A study of the principles of inheritance in plants and animals, including humans. Topics include Mendelian genetics, linkage recombination, cytogenetics, and molecular genetics. Three lecture hours and one recitation hour weekly. Prerequisites: Completion of BIOL 155, 156, 165, and 166, with a grade of a C or better and one semester of organic chemistry or permission of instructor. Fall and Spring, annually.
Examines the interaction of organisms and their biotic and abiotic environment, population dynamics and interactions, community structure and function, and ecosystem energetics and biogeochemistry. Two lecture and three laboratory hours weekly. Prerequisites: Completion of BIOL 155, 156, 165 and 166 with a grade of C or better, or permission of instructor. Fall and Spring, annually.
Examines structure, biochemistry, and function of plant and animal cells. Three lecture and two laboratory hours weekly. Prerequisites: BIOL 155, 156, 165, 166, CHEM 151 or 153, 161 or 163, 152 or 154, 162 or 164, all with a C or better. Each semester.
Introduces biology, chemistry, earth science, general science, and physics education majors to the major requirements in their program. Cross disciplinary discussions guide students in the integration of pedagogical principles from their foundationeducation courses with content from their specialty courses. Students are introduced to the PA Academic Standards as well as the National Science Education Standards. Artifacts created with guidance in this seminar become part of an electronic Lear,ning Portfolio. Required for all Secondary General Science majors. Annually.
Humans are changing the global environment in profound ways but the consequences are not widely understood. This course will examine current environmental issues from a scientific perspective and explore how science can be best used to shape sound e,"nvironmental law and regulation, public lands, types and sources of air and water pollution, and other environmental issues of current interest. Environmental issues of local and regional importance will be emphasized. Three lecture hours weekly.Credit not to be applied toward a biology major.
This course focuses on the biology of the human organism. Recent scientific and medical advances as they relate to the development of public policy are interwoven through topics covered. The biology of our aging human population including issues su,"ch as infection, autoimmunity, cancer, as well as respiratory, cardiovascular, and urinary system decline, will be discussed. Credit not to be applied toward a biology major or biology education certification. Annually.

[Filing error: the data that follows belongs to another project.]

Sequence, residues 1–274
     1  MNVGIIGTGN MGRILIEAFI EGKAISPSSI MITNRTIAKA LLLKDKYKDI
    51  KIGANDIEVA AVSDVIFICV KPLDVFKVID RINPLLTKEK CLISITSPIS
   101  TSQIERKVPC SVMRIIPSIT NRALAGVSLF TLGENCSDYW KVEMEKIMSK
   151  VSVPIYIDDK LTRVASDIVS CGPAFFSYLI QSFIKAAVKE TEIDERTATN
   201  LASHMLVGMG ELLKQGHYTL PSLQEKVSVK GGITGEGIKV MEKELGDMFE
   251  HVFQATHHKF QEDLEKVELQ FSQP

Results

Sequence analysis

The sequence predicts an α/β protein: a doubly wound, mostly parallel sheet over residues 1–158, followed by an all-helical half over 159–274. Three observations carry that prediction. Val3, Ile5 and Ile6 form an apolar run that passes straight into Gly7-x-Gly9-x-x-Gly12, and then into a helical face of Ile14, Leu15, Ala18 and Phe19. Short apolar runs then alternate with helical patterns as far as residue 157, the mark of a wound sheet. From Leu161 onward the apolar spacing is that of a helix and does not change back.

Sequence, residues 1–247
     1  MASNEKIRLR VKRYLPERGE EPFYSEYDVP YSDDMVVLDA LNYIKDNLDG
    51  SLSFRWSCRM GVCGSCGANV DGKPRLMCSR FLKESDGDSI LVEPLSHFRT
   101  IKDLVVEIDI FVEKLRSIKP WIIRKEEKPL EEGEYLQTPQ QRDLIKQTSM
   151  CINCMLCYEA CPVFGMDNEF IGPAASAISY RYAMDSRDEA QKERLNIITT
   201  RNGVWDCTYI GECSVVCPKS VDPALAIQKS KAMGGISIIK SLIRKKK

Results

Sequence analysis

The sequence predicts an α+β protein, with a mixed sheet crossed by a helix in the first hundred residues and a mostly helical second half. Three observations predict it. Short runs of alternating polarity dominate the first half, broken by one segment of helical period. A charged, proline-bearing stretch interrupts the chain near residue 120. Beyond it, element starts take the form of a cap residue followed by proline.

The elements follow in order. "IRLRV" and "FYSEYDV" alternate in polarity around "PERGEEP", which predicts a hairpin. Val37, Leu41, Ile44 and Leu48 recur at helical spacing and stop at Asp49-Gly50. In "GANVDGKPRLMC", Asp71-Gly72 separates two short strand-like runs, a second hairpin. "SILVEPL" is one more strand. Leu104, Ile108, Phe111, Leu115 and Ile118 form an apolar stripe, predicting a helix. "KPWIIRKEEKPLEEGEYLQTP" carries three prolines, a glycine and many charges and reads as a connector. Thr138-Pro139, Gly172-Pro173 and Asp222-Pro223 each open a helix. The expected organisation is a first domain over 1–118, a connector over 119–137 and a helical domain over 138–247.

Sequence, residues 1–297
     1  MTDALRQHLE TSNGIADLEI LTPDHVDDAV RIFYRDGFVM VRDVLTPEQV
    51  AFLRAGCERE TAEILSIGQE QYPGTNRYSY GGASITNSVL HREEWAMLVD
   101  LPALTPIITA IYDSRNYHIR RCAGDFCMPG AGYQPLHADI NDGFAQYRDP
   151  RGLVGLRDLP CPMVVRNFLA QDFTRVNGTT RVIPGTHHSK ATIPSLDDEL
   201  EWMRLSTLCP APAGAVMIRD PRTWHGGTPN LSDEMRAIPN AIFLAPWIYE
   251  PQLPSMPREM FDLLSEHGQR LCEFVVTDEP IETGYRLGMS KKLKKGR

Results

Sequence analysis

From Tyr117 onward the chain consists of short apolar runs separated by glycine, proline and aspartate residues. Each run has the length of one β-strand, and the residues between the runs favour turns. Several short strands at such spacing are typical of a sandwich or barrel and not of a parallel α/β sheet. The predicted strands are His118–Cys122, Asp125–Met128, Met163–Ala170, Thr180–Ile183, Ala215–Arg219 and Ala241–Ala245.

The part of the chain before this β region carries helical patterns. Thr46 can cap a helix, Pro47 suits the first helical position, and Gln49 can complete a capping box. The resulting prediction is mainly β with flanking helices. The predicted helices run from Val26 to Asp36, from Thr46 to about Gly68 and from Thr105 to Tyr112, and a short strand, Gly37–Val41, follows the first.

Mendelian genetics and the inheritance of human genetic disease. Examines the anatomical, physiological, biochemical, and genetic basis of human diseases, including diabetes, atherosclerosis, and cancer, and the genetic component of human illness. Analyzes behavioral genetics, sociobiology, recombinant DNA, gene therapy, and medical ethics. Non-majors course for students who wish to know more about human genetics than is available in basic biology. Particularly useful for students in anthropology, rehabilitative sciences, psychology, sociology, and special education. Prerequisite: One semester of biology or permission of instructor. Annually.|
Examines microorganisms, including viruses, bacteria, fungi, and protozoa, emphasizing those associated with human health and disease. Considers immunity and resistance to infectious diseases and to their epidemiological and public health aspects. Laboratory emphasizes pathogenic bacteria and the bacteriological and microscopic techniques. Two lecture and three laboratory hours weekly. Not for biology majors. Pittsburgh Campus, annually.